The Magical Power of Transcribing
I know this is perhaps a corny analogy, but remember in the movie Caddyshack where Chevy Chase advises “be the ball” as a strategy to improve his young friend’s golf game? Well, transcribing, the art and science of translating music you hear into music you play, allows you, like no other practice, to “be the music.” You sit with a piece of music you love; you really get inside it; you write it down; you play it; you become it.
Where else can you have such an amazing experience? You can view the Grand Canyon, for example, but can you really become it?
If I may generalize, musicians who are learning their craft don’t necessarily transcribe as much as they used to because in the past there was no YouTube or Ultimate Guitar Tab websites. There was only you, the album, and your instrument. The process of transcribing was slow, it was painstaking, and it was messy, but the practice really helps you grow as a musician. It helps develop your ear; it develops your fretboard knowledge; it helps your music theory; it builds harmonic and rhythmic vocabulary.
II. Transcribe Melodies/ Solos
The most common type of musical content to transcribe is a melody or an improvised solo. If you are new to this practice, just sit with a simple melody of a pop song you like. You don’t necessarily need to write down the notes, you can go straight to your instrument (and it’s still considered transcribing even when nothing is written), but it’s always better to write it so you can remember it later.
Some tips are:
a. Select only a very short section. Only do 1 phrase at a time. If it’s the Beatles “Yesterday,” for example, only do the first word. That should be easy enough, right? Only then should you move on to “all my troubles seemed so far away.”
b. Determine what key the piece is in. For pop music, it’s almost always the very last note of the song or at least the point of resolution at the end of each chorus. From there, if you can determine whether the song is major (happy, bright) or minor (somber, dark), it’ll help you find the appropriate scale that the song tends to use.
c. Hunt and peck. If you can’t tell what key the song is in, or you don’t recognize the underlying scale (or can’t play the scale yet), just simply hunt and peck. It may feel like you’re blind in a dark alley, but the process helps you identify whether pitches are higher or lower, and where they might be on your instrument..
d. Write down the notes in standard notation or tablature, or just the letter names if necessary. Don’t worry about the best fingering to use until later. Just do it on one string if you have to just to get the sounds down on paper. The decisions about fingerings come later.
III. Transcribe Chord Progressions
In many cases, it’s easier to understand how a melody works if you know the underlying harmonic base. So you might consider transcribing a pop song’s chord progression even before you decipher it’s melody. Some tips are:
a. Start with the root notes of each chord by listening to the bass.
If you can determine what the bassist plays on the first beat of each new chord, it will almost always be the root of the chord. Do the whole progression with just the root notes first. So in our example of “Yesterday,” you would have written down f, e, a, and d for the first 4 chords.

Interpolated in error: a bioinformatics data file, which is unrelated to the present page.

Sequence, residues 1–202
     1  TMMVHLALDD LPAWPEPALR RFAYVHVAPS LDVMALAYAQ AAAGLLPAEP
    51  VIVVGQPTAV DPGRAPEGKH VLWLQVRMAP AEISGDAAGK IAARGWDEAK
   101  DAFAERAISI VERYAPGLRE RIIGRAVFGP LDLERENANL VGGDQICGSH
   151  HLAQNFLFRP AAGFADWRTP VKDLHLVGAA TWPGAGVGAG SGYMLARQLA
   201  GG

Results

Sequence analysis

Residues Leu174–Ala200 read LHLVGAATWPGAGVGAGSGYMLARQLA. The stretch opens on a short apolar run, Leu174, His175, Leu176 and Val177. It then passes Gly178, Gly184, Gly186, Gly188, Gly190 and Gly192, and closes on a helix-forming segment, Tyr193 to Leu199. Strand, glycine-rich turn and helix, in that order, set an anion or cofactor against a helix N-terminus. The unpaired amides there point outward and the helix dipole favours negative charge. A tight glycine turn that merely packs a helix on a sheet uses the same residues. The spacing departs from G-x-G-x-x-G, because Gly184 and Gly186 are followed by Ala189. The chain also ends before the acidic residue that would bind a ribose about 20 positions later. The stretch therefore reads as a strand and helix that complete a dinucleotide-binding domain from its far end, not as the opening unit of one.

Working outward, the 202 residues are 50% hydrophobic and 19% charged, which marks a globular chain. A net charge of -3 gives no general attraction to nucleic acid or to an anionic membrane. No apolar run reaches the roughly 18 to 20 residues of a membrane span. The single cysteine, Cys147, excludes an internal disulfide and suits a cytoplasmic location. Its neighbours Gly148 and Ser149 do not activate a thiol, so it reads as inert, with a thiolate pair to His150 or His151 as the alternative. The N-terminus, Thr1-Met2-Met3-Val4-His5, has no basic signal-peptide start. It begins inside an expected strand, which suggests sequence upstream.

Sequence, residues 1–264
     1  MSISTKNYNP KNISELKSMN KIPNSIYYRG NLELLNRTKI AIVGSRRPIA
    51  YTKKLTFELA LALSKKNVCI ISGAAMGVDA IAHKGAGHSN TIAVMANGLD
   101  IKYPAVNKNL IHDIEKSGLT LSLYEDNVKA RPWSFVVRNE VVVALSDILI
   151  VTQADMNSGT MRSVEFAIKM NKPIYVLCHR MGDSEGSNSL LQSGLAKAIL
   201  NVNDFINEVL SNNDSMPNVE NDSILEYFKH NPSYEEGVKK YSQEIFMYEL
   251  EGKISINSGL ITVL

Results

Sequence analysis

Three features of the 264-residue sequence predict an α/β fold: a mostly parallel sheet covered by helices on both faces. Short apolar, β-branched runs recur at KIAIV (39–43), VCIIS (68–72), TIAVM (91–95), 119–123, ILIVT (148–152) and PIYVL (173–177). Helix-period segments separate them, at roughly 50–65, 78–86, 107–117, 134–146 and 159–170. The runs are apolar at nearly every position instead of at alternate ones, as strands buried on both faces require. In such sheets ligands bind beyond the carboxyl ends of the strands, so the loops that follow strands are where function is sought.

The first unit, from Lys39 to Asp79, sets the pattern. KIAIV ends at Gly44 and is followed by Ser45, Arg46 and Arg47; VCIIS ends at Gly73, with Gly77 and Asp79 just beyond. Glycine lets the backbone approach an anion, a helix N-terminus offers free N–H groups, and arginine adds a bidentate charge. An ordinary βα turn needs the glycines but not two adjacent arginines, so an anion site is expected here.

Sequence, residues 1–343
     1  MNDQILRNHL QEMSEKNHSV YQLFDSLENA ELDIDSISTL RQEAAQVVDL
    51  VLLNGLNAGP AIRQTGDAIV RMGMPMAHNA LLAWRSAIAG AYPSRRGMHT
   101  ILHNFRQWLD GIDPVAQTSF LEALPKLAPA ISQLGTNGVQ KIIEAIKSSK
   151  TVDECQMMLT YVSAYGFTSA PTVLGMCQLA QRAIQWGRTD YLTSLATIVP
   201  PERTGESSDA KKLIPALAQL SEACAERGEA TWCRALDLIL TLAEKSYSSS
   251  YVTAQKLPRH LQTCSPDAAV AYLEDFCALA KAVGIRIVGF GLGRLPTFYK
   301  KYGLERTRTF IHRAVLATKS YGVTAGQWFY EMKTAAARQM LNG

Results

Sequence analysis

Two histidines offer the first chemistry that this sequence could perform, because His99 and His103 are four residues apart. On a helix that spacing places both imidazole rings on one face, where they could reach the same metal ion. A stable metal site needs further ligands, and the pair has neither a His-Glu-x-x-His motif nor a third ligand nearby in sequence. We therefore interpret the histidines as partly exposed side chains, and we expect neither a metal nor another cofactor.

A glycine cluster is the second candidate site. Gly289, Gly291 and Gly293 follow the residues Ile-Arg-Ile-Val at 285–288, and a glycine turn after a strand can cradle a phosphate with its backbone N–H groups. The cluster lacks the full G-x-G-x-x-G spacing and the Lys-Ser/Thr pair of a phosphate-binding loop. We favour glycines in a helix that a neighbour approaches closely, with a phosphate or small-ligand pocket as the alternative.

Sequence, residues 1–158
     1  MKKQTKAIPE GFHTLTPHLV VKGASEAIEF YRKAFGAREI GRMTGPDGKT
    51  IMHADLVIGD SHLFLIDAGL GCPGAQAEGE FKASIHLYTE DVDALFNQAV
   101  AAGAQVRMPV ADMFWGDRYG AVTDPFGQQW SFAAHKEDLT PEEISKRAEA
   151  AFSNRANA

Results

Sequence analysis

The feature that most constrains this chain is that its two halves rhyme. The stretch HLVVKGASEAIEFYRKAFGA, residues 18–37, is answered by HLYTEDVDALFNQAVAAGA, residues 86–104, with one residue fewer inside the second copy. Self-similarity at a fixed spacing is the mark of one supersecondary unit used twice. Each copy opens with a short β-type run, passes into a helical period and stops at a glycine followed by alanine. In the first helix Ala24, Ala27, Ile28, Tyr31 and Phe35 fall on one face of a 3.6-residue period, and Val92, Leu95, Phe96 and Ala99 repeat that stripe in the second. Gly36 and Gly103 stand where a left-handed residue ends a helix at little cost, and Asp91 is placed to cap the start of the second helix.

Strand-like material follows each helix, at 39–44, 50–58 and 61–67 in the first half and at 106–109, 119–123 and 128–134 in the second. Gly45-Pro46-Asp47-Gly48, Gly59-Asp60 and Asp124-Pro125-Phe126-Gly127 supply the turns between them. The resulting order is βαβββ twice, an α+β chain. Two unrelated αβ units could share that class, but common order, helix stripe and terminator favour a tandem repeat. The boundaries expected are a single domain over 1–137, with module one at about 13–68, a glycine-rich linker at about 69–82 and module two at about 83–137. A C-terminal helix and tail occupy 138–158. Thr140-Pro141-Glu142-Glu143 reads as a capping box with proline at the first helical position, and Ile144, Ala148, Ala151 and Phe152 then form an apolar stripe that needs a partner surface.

b. Determine the quality of each chord. Is it major, minor, or 7th.
Occasionally you may find half-diminished or diminished chords, but for the most part pop songs will be major, minor, or 7th. In “Yesterday” the first chord is F major and the second is Em. If you’re not sure, simply try each one when that chord comes around and decide which one fits best. If none of them fit perfectly, just pick the closest one and move on. It might not all be transcribed perfectly first go-around, but don’t let that stop you from finishing at least a section. Sometimes you can better figure out how to change the chord you’re not happy with only after you can play the whole section.
c. Have a teacher and show him or her your work.
It’ll only take a few minutes for the teacher to see if you’ve done it correctly, and that type of feedback helps you massively and arms you for continuing the process.
IV. Technology makes it easier than ever
Nowadays there are so many great ways to help the process of transcribing. You can slow down Youtube videos (see my article on “How to Best Use Technology while Practicing”). You can isolate a certain phrase using computer audio software and make a loop of it so you can hear it over and over. You can even slow down the audio and keep the key the same!
V. Develop Your Ear
Transcribing doesn’t necessarily have to be from a recording, it can be playing a song from memory. Not to be funny, but can you play Happy Birthday” on your instrument without sheet music? This is more about ear training than transcribing, but it is relevant because it’s important to practice ear training. As your ear develops, you recognize the individual characteristic of each of the 12 intervals, and it makes transcribing so much easier. The importance of ear training can (and probably will be) a whole separate article, but suffice it to say get your hands on some kind of ear training program and it’ll save you hours of hard work and give you massive musical enjoyment in the long-run.
Transcribing is not always easy, but it really makes you grow as a musician. As I mentioned, start with easy material first. Don’t give up. Hunt and peck if you must. Work out the fingerings later. What you digest from transcribing will show up in your improvising, songwriting, and your sense of melody and rhythm. Have fun and remember “be the ball.”
About the author: Dennis Winge is a professional guitarist living in New York with a passion for vegan food and bhakti yoga. If you are interested in taking Guitar Lessons in Newfield, NY, then be sure to contact Dennis!